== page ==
The “art of trellis decoding” is fixed-parameter tractable

Eunjung Kim (LAMSADE, Paris)

When: Tuesday May 16, 2 pm

Where: room D2


Given n subspaces of a finite-dimensional vector space over a fixed finite field F, we wish to find a linear layout V1, V2, . . . , Vn of the subspaces such that dim ( (V1 + V2 +···+Vi) ∩ (Vi+1 +···+Vn) ) ≤ k for all i; such a linear layout is said to have width at most k. When restricted to 1- dimensional subspaces, this problem is equivalent to computing the trellis- width (or minimum trellis state-complexity) of a linear code in coding theory and computing the path-width of an F-represented matroid in matroid theory. We present a fixed-parameter tractable algorithm to construct a linear layout of width at most k, if it exists, for input subspaces of a finite-dimensional vector space over F. As corollaries, we obtain a fixed-parameter tractable algorithm to produce a path- decomposition of width at most k for an input F- represented matroid of path-width at most k, and a fixed-parameter tractable algorithm to find a linear rank-decomposition of width at most k for an input graph of linear rank-width at most k. In both corollaries, no such algorithms were known previously. Our approach is based on dynamic programming combined with the idea developed by Bodlaender and Kloks (1996) for their work on path-width and tree-width of graphs.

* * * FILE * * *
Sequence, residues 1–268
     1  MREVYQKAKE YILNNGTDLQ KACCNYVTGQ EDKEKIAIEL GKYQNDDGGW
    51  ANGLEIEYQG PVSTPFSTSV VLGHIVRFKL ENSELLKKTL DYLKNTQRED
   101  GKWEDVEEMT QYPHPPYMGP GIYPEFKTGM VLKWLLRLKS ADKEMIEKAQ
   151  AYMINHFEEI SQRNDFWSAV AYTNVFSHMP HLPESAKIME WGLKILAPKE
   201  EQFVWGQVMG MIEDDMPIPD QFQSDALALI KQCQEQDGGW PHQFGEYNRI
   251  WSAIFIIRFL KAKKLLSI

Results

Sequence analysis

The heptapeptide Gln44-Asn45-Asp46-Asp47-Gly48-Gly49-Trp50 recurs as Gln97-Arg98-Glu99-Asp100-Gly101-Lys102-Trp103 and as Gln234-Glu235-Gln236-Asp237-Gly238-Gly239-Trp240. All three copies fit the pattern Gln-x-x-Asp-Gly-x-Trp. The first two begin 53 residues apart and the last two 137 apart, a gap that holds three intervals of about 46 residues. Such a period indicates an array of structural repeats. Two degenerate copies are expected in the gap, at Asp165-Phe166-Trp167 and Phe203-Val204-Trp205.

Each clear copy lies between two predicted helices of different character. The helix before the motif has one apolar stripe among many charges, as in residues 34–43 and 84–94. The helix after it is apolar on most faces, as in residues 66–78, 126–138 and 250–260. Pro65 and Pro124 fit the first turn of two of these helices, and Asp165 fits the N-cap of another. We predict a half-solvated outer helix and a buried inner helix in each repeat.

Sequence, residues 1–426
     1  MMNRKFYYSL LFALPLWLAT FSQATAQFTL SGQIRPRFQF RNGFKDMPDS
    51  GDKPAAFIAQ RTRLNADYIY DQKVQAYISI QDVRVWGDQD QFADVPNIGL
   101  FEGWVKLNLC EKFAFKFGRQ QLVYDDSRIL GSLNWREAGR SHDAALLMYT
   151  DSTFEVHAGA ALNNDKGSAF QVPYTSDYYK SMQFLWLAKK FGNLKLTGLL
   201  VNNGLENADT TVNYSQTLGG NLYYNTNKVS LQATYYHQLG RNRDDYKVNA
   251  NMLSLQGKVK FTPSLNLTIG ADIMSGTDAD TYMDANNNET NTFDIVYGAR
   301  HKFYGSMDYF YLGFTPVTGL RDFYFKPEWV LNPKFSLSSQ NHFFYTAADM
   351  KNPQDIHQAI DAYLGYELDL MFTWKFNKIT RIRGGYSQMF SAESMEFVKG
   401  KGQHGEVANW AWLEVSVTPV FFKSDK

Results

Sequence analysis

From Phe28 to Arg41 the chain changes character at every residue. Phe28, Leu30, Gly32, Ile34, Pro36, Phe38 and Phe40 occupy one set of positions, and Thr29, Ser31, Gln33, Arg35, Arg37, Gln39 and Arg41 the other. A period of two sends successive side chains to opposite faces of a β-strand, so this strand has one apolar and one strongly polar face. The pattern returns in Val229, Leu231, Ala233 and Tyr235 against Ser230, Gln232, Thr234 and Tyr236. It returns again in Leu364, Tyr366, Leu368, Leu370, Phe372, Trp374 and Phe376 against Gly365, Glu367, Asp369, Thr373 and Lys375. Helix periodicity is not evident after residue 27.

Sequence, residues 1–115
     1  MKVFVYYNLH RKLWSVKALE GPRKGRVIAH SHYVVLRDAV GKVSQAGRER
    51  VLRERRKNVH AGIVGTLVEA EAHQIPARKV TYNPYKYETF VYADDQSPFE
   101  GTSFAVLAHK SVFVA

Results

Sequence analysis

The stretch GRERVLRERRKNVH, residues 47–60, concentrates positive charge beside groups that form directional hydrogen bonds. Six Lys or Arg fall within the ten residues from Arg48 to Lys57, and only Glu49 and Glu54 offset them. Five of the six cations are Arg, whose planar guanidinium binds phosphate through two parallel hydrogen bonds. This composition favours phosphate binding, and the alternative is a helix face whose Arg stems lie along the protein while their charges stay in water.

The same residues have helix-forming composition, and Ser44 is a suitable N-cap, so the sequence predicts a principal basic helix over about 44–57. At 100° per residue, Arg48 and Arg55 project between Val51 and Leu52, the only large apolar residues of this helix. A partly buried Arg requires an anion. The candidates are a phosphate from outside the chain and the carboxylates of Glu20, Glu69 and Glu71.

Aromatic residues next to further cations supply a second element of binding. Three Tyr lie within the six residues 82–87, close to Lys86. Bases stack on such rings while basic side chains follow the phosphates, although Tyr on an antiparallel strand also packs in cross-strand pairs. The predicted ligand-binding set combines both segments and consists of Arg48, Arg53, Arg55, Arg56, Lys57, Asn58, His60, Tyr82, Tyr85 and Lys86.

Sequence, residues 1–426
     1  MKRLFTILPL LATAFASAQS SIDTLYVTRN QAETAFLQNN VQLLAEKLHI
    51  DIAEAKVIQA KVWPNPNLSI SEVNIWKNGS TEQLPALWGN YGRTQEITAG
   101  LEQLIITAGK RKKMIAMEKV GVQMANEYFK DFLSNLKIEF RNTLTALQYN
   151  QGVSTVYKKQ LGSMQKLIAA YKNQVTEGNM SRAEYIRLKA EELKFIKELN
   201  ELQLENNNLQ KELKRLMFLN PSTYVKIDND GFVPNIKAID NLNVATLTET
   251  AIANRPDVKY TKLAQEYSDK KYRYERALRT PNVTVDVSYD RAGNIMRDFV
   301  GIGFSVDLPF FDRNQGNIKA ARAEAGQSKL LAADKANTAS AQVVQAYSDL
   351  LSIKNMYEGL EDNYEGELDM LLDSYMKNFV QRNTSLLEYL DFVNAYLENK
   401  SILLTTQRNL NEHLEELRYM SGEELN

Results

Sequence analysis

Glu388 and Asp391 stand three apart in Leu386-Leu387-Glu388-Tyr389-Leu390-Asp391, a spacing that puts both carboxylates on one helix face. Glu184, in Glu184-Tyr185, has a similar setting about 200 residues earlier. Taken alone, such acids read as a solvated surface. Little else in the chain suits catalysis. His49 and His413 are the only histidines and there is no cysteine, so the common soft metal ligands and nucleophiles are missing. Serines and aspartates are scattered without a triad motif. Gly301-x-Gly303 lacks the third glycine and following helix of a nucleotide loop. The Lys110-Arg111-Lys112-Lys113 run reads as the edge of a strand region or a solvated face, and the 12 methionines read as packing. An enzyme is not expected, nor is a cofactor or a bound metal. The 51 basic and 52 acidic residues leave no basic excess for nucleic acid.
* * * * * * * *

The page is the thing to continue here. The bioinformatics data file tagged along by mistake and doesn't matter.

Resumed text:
It was previously known that a fixed-parameter tractable algorithm exists for the decision version of the problem for matroid path-width; a theorem by Geelen, Gerards, and Whittle (2002) implies that for each fixed finite field F, there are finitely many forbidden F-representable minors for the class of matroids of path-width at most k. An algorithm by Hlineny ́ (2006) can detect a minor in an input F-represented matroid of bounded branch- width. However, this indirect approach would not produce an actual path- decomposition. Our algorithm is the first one to construct such a path- decomposition and does not de- pend on the finiteness of forbidden minors.